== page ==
12. #37
    Super Member Latrinka's Avatar
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    Quote Originally Posted by bearisgray View Post
    I can't believe I'm writing this -

    but 1/2 inch variation in the middle is not all that dreadful!
    That's what I was thinking!
    If a woman's work is never done....why start?

  13. #38
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    I have heard that strips should be sewn in alternating directions. That is first row from the top down, second row bottom first, third row-top down. It prevents the strips from "bowing". In other words keeps them going straight. This is especially true with batiks. Hopes this helps.

  14. #39
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    If I have a "bowed" strip caused by cutting, I cut that part out and am able to use the rest of the strip. Also, if I use say a 2 1/2" strip of Kona for my first strip I will fold it in half and finger press so it lines up exactly at each corner. Then when you trim your blocks and sew them together it will come out the same width where the kona strips come together.

  15. #40
    Super Member Grace MooreLinker's Avatar
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    found that when I am prepressing fabric before cutting , make sure the selvage edges are kept straight and together. this solved my dog leg shaped strips. good luck
    Freedom is costly and quilting keeps us busy...

  16. #41
    Super Member MacThayer's Avatar
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    Quote Originally Posted by Grace MooreLinker View Post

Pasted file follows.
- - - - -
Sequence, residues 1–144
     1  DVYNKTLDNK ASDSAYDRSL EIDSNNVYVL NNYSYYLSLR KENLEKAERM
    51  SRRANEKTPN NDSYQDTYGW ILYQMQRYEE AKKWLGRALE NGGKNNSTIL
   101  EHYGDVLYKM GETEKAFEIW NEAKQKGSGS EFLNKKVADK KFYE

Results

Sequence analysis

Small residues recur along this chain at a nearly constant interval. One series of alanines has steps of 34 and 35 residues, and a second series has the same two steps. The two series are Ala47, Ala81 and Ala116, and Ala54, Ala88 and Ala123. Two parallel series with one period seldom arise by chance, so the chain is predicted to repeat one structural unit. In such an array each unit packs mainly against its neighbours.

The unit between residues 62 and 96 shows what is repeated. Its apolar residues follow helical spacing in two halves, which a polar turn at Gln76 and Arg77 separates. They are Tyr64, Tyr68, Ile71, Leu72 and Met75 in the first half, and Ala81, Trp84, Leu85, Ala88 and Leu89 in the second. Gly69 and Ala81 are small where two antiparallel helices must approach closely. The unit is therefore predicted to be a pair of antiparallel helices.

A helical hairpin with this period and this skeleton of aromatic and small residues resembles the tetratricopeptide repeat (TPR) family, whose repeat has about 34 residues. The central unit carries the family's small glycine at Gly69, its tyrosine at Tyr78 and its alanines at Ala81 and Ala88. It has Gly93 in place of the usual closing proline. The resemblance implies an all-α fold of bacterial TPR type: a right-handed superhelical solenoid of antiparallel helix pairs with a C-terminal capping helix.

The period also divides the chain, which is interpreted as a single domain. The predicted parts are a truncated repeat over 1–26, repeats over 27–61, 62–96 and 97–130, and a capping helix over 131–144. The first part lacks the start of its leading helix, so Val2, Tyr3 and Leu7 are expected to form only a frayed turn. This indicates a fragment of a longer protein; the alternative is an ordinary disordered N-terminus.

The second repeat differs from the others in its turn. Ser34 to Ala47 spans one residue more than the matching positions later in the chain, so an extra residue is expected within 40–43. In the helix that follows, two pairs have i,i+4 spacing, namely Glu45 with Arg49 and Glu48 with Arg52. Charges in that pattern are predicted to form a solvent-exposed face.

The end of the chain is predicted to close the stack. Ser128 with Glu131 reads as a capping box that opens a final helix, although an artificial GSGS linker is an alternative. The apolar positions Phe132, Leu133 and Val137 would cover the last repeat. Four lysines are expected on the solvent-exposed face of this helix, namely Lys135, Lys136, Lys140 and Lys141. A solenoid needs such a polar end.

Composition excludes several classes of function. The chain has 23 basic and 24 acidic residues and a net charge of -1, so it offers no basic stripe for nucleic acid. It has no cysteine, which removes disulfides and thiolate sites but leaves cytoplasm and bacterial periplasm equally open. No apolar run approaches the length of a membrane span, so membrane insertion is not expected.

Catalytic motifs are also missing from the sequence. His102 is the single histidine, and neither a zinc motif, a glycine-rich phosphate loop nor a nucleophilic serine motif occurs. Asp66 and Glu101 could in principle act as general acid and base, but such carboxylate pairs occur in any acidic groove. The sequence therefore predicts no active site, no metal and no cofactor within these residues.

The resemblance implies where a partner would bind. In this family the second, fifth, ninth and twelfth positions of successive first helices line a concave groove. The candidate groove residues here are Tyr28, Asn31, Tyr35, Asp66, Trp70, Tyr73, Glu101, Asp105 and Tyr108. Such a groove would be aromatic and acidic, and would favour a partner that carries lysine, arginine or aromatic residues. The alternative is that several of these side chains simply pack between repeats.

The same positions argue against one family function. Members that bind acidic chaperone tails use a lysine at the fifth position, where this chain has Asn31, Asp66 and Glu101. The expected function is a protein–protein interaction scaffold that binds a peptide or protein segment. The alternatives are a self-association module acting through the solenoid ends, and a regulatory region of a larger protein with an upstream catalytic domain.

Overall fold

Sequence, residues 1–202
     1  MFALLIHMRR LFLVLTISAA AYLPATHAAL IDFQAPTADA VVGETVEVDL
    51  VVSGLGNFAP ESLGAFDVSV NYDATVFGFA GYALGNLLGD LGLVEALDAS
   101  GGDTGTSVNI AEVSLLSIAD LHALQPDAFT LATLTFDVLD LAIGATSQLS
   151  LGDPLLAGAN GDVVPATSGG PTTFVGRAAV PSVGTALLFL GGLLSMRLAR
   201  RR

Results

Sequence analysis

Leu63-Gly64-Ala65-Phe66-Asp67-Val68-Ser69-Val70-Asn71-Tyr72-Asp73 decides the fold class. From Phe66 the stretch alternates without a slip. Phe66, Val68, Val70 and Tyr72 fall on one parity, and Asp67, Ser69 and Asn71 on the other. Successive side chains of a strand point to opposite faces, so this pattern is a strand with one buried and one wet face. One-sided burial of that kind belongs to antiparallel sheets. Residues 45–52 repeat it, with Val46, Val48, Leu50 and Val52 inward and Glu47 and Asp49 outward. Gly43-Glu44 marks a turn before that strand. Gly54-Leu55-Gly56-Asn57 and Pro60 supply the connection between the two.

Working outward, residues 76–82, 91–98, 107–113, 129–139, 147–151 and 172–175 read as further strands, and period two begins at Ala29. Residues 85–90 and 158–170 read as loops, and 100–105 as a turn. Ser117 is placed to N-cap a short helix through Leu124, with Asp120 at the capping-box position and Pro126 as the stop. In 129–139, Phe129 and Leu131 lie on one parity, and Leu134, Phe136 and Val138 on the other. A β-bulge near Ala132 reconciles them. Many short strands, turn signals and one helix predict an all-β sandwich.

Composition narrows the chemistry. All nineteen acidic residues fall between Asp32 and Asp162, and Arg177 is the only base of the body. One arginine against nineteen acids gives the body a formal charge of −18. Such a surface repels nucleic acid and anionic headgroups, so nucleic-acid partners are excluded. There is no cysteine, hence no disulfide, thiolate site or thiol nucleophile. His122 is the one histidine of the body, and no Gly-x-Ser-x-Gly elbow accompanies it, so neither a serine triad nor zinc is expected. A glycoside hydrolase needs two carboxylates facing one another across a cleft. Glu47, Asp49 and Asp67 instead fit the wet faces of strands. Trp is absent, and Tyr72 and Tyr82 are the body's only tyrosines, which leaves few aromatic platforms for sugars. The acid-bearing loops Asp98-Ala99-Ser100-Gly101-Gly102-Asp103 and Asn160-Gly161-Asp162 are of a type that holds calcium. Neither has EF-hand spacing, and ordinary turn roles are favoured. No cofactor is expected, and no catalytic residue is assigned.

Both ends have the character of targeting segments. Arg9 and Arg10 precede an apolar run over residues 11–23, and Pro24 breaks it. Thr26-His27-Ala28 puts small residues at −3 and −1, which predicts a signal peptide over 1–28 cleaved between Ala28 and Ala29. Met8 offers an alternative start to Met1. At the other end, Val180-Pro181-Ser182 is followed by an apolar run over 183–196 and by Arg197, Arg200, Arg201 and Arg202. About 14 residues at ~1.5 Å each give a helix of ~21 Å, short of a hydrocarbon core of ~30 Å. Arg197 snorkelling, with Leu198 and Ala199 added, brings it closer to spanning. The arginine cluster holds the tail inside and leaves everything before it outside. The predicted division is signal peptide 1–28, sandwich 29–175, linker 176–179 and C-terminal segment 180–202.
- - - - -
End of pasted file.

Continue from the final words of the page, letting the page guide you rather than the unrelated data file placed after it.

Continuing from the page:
found that when I am prepressing fabric before cutting , make sure the selvage edges are kept straight and together. this solved my dog leg shaped strips. good luck
    Don't mean to sound dumb, but doesn't almost everyone prepress (not iron) and starch their fabric before cutting? And make sure it's on the correct grain of the fabric? I cut almost all my strips on the lengthwise grain, after pressing and starching. (so obviously that means I prewash.)

    Wow! What an education this forum is, not just for strip piecing, but for good quilting in general! It's added a whole lot of "I'm going to try this out!" to my quilting plans!

    I also read somewhere, and I'll swear it was on this Quilting Board, that someone solved their problem of wonky strip piecing by foundation piecing the strips. Sounds like it could be worth trying!


    Cheers!
    Last edited by MacThayer; 07-16-2012 at 11:05 AM.
    MacThayer

  17. #42
    Super Member quilt3311's Avatar
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    To keep my seams straight when strip piecing I alternate stitching directions when adding a new strip. Also use a piece of molefoam taped to the bed of my machine, to keep the seam allowance accurate.

  18. #43
    Senior Member berrypatch's Avatar
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    I was told to reverse sewing each strip - start one strip from bottom, next strip from the top. This means start sewing your next strip at the same end where you finished the previous strip.

  19. #44
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    Also cut your strip not on the bias, cut them lengthwise and you have a more stable strip...but no give either.

    Maxine
    Bakersfield, Ca

  20. #45
    Super Member Peckish's Avatar
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    Was this before or after the top was quilted? If it's after quilting, it is not at all unusual for the quilting to draw in or shrink the quilt a bit. This is why a lot of quilters will square their quilt after it's been quilted, before putting on binding. If you have a lot of dense quilting in a medallion or applique center, that could cause an hourglass shape.